Thyroid hormone function tests are used to detect thyroid disorders, helping to ensure that they can be diagnosed and treated before complications occur. View sample thyroid test results with lab variations, ranges and explanations.
Do I need a thyroid function test?
Thyroid hormones affect nearly every cell in your body and influence a wide range of critical bodily functions, which means that a poorly functioning thyroid can have serious and widespread consequences. Thyroid disorders affect more than 12 percent of the population in the U.S., according to the American Thyroid Association (ATA), with up to 60 percent of those people unaware of their condition. Studies show women to be eight times more likely than men to experience a thyroid problem.
The ATA recommends thyroid hormone testing in adults starting at age 35, with repeat testing every 5 years. Thyroid screening is commonly prescribed for women during pregnancy and the postpartum period. The American Association of Clinical Endocrinologists (AACE) also recommends routine thyroid screening in older adults.
What are the symptoms of a thyroid problem?
For your thyroid gland to be operating normally, your body needs to produce an adequate supply of thyroid hormones. If hormone levels are below the norm, it is called hypothyroidism. If the levels are higher than normal, it is termed hyperthyroidism.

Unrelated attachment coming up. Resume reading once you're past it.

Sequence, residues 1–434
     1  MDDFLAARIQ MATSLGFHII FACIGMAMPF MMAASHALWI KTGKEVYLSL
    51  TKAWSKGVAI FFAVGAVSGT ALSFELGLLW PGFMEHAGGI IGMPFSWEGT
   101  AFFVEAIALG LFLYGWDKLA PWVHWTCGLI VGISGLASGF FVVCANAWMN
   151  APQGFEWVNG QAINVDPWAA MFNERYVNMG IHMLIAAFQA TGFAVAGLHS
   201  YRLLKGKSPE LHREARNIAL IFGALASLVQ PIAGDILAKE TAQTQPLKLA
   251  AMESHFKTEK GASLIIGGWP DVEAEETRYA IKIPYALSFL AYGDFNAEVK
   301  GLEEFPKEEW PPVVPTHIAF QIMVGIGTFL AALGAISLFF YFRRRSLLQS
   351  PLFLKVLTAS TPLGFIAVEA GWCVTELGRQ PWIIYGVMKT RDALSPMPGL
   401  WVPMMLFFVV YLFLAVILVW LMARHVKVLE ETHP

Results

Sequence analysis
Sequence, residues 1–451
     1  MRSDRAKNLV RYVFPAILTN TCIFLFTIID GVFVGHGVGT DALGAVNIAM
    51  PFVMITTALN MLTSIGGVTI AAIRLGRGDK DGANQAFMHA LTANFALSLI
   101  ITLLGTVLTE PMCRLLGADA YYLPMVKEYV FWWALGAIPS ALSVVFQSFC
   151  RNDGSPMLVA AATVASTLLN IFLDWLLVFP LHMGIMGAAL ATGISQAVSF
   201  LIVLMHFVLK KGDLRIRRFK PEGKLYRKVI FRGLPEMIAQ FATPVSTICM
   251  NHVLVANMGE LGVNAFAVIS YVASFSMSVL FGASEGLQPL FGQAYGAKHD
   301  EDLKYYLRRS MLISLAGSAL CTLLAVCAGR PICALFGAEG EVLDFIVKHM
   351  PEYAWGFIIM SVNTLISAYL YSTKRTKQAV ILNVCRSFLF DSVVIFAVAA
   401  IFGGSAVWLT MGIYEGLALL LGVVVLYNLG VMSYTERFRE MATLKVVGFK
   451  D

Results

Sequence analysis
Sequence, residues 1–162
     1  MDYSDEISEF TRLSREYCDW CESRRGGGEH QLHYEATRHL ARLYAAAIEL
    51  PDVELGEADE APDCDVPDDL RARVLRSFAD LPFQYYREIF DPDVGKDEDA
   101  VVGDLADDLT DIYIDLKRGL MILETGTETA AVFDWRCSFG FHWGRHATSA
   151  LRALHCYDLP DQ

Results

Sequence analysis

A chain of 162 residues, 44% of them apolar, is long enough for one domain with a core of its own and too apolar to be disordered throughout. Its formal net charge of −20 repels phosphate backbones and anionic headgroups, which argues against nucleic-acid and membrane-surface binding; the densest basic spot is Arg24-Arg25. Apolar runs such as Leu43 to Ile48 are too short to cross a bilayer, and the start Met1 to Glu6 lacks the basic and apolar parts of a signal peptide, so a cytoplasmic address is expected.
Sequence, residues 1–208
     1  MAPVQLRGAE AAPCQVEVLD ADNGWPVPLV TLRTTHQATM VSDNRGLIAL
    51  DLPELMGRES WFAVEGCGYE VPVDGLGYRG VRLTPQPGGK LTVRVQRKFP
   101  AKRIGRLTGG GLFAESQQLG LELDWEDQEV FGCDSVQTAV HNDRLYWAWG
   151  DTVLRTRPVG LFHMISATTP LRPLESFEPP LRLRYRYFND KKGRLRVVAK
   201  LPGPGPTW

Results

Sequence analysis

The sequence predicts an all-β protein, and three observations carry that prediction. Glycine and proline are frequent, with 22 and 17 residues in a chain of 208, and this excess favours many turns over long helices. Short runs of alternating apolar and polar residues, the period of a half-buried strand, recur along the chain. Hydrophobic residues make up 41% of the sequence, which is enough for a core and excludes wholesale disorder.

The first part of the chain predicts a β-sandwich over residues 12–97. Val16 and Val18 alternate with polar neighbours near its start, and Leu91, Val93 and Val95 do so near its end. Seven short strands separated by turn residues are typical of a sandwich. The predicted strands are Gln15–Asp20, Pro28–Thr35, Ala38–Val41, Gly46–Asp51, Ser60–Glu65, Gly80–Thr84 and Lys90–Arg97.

Hypothyroidism, also commonly called under-active thyroid, is a disorder that occurs when the thyroid gland is not producing enough thyroid hormones, causing metabolism to slow. It may stem from problems with the thyroid gland itself, or with the pituitary gland which produces hormones that help regulate thyroid function. It is typically diagnosed via blood tests, usually after symptoms of hypothyroidism have been noted. These may include:
- Weight gain
- Facial puffiness
- Dry, brittle nails
- Dry, brittle hair and/or hair loss
- Slow heart rate
- Memory impairment
- Dry skin
- Increased sensitivity to cold
- In severe cases, coma
Often, when hypothyroidism is suspected, a TSH test may be done first to evaluate TSH levels. TSH is secreted by the pituitary gland, and stimulates the thyroid gland to release thyroid hormones when levels drop in the bloodstream. If TSH levels are abnormally high, this can indicate that the thyroid is not responding adequately to repeated calls for more hormones. When this happens, a thyroid panel is typically done. There are numerous other tests that can be done to detect abnormalities in thyroid function. Among them are the radioactive iodine uptake test and a thyroid scan. However, lab tests are the initial step in diagnosis.
Once hypothyroidism is confirmed, additional testing is usually done to help determine the underlying causes of the condition. Common causes of an under-active thyroid include:
- Hashimoto's disease – an autoimmune disease that causes inflammation of the thyroid gland as the body's own immune system attacks the gland.
- Thyroid hormone resistance – a condition in which the body becomes unable to use thyroid hormones efficiently.
- Medications – certain medications can suppress thyroid activity.
- Thyroid nodules – These are growths, usually benign, that can develop on the thyroid gland to inhibit normal function.